“President Obama has sanctioned the clear-cutting of 328 square miles of untouched temperate forest, the Tongass forest in Southern Alaska. Economic grounds. He promised not to. Jobs, you see. ‘Don’t you want us to have jobs!’ asks a bearded Alaskan lumberjack. Clearcutting is like a daisy cutter bomb that takes a year to explode. When it does finally explode, the consequent devastation is substantial and irreversible. Clearcutting loggers leave nothing living. Adapted Chinook helicopters, with elongated hang-down chainsaws the length of football pitches dismember the ancient Tongass Redwoods. Flying machines once only imagined on Tomorrow’s World thrash and saw and chop and slash the trees which have survived in harmony with the soil and the animal kingdom for fifty thousand years.”
     “I need to buy one of those helicopters, “says the rancher. “It would save me a fortune.”
     “What a feat of diabolical engineering those bleak helicopters are! One can only marvel at the horror they inflict. Diabolical in the sense of devilish.”
     “But remarkably efficient in the job they are built to do, my friend.”
     “Homo Sapien is the sworn enemy of the forests.”
     “Now you are talking in riddles. We are the forests…”

     The two sit in silence for a moment, if it is possible to be silent in the bowels of Hell. Then the interviewer speaks. “Do you know Papua New Guinea?’
     “I don’t know. Is it near Chile?” The rancher replies, gesturing to his native boy to bring more juice.
“In inner parts of Papua, there are tree formations so dense and compacted, and individual trees so vast and ancient, they have never been seen up close; compositions, like the cosmos at the edge of forever, merely speculated and hypothesized, their existence estimated on chalkboards. Black trees, thick mahogany, twenty feet thick at the base and as high as a church steeple.”
“Very poetic. Are you a writer or a researcher?”
“There was a flower in Papua New Guinea that the natives called the Flower of Joy. It was fresh butter yellow, shaped symmetrically, like a moth, with a crimson blemish on each leaf not an inch in circumference, like a spatter of blood from a tiny wound. Stewarded, the flower was easily harvested and abundant.  Botanists noted it only grew on a certain type of soil found in Papua. The plant existed nowhere else. There's a specific nutrient in the indigenous moss and an ecological relationship between itself and the trees around which botanists still don't understand. Native Papuans knew about the qualities of the flower since time immemorial. They cherished it, nurtured it. Medicine men whispered it’s properties. A permanent cure for melancholia, the ultimate anti-depressant.”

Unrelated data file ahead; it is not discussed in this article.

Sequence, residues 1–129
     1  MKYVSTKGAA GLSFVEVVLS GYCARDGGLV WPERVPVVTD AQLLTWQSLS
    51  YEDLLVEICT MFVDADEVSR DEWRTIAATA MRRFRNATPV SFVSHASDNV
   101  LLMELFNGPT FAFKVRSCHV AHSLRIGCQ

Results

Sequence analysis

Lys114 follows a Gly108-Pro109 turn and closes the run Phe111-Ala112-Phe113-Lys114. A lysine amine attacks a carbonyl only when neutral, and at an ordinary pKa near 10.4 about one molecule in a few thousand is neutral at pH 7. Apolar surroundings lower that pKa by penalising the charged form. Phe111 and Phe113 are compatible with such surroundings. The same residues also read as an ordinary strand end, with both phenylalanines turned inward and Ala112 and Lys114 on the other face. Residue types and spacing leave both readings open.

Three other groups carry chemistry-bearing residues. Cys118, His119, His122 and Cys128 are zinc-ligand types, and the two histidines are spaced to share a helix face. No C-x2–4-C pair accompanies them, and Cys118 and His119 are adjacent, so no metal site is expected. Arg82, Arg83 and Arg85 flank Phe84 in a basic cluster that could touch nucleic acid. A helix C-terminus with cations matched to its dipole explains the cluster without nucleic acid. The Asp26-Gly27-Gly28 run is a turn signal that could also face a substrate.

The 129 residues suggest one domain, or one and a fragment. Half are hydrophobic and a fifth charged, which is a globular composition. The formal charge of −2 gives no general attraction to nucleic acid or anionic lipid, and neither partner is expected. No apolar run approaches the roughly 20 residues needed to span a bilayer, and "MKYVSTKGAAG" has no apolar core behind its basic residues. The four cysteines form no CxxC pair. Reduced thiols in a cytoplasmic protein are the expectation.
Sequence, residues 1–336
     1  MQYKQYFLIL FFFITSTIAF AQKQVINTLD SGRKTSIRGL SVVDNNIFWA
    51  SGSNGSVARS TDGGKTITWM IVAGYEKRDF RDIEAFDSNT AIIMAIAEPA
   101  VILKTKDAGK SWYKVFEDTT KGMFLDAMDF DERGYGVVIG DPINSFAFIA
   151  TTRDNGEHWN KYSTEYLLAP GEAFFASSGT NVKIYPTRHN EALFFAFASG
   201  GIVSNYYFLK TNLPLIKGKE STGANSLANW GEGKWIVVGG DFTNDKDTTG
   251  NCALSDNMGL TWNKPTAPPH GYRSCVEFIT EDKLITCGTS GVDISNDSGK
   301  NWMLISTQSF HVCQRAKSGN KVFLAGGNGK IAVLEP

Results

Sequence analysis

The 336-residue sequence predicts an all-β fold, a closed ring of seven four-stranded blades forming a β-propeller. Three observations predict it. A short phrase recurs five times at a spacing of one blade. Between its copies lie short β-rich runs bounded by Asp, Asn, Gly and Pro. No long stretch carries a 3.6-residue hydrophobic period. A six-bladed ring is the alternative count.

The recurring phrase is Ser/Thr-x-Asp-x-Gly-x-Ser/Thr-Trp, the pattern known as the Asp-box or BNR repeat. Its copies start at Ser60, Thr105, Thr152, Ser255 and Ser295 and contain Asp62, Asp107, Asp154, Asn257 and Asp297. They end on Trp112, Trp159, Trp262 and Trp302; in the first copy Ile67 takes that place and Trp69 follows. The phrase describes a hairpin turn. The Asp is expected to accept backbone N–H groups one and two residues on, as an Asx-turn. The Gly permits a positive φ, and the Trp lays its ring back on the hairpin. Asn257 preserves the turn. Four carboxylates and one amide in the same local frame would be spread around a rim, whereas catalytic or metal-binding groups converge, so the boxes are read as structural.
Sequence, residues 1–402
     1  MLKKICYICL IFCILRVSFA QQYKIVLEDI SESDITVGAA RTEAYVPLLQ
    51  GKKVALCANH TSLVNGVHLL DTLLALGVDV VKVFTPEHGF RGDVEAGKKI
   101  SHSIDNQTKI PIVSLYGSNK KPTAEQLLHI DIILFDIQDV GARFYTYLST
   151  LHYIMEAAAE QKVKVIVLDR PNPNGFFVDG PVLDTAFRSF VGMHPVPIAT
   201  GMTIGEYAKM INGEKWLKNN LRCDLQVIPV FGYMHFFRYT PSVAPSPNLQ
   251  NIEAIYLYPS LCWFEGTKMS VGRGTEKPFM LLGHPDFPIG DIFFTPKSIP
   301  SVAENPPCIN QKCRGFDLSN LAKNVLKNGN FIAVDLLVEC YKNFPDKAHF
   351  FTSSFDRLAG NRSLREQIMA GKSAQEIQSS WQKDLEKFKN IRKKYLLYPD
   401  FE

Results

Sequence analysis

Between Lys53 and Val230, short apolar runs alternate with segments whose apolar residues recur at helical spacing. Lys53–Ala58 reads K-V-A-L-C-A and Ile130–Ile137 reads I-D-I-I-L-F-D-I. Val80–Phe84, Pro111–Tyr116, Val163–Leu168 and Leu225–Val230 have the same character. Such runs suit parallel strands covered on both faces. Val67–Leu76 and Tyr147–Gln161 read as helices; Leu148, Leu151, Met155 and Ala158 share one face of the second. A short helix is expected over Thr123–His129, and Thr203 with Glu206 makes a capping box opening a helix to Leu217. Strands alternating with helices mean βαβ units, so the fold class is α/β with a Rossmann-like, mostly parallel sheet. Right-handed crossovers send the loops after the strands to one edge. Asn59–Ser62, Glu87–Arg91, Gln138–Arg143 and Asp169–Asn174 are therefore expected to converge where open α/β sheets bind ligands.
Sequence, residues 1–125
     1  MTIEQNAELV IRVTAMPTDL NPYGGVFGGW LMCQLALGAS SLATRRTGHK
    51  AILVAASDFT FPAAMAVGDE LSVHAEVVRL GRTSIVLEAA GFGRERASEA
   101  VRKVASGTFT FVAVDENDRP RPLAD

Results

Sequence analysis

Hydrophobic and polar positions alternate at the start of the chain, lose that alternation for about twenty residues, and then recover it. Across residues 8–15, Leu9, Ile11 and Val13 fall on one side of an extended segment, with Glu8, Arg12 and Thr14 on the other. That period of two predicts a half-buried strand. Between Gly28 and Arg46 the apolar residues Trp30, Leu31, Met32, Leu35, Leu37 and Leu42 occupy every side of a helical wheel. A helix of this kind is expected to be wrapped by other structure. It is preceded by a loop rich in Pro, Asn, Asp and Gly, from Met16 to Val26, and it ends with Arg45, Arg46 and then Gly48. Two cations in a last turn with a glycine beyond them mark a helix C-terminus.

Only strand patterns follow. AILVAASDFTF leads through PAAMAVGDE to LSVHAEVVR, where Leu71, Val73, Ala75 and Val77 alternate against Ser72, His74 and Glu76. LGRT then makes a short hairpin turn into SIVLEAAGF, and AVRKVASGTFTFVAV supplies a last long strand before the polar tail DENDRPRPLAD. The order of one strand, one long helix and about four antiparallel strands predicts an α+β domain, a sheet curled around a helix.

“The Flower of Joy. Such a beautiful name…” says the rancher, not looking at his confessor.
“Last year, when no one was looking, an Indonesian logging combine deforested the thousand acres of rain forest the Flower of Joy thrives in. Thus, the flower is extinguished.  An Australian logger named Jacko crushed the last remaining flower as he walked toward his wagon, brimful with timber trunks the length of ships. Jacko, sipping beer, stroking his beard and imagining the unimaginable, trod it into the earth. The last Flower of Joy.
Jacko, the murderer of the happiness flower.
Jacko from the Northern Territories.
Mad Jacko.
Mad Jacko, the murderer of Happiness.
Jacko, the accidental slayer of worlds.”
“If he needs a job, tell him to contact me,” the rancher says, a sneer on his face.
The interviewer grins, continues, leaning forward, speaking softly, a buzzsaw crying in the distance. “Botanists didn't know until it was too late. At the time, they were sourcing funds back in Melbourne to protect the flower.That part of the forest was gone by the time they returned. While the dedicated researchers were trying to persuade academic bursars to re-fund their expedition, a tribal chief sold his thousand acres of forest to a logger in return for an aquamarine Nike tee shirt, a video camera, a George Foreman grill, and three BMX bicycles, one for each of his three sons. There is videotape of the sons riding the bicycles and the proud father looking on wearing his new tee. Tribesman took jobs harvesting the trees. Tribeswomen promised jobs in the new factory which will replace the hardwoods, trees which were old when humanity was young. Jeans, they whisper. Tee shirts, they giggle…”
“Don’t you want us to have jobs?” he says. “The natives must have clothes too…”
“The Flower of Joy won't return for twenty thousand years, not until Homo Sapiens is as blessedly extinct as the flowers and fauna are now. Try as they might, they can't grow rainforests back. The forests you cut down daily. They can grow palm for margarine and biofuel and engine grease and diet supplements, and pine for toilet paper and Fifty Shades of Grey, but they can’t grow mahogany once it has gone. Once it’s gone, it’s gone forever. Only the Gods seem to know why. “

“Don't you want us to have jobs?” he said, one more time. “Don’t you want us to have a life like yours?”
“No,” the interviewer says, looking around him at the scorched earth, the unholy fire, the smoke trails like Towers of Babel into the glorious blue skies, the screams and the cries of the birds as they escape the axes and flames of the hunters. “I want you to look after the forests, to be perfectly honest.”
“It’s too late, my friend. You can’t save the Flower of Joy.”
He passes the interviewer the juice bottle. He thinks about it. Takes the glass…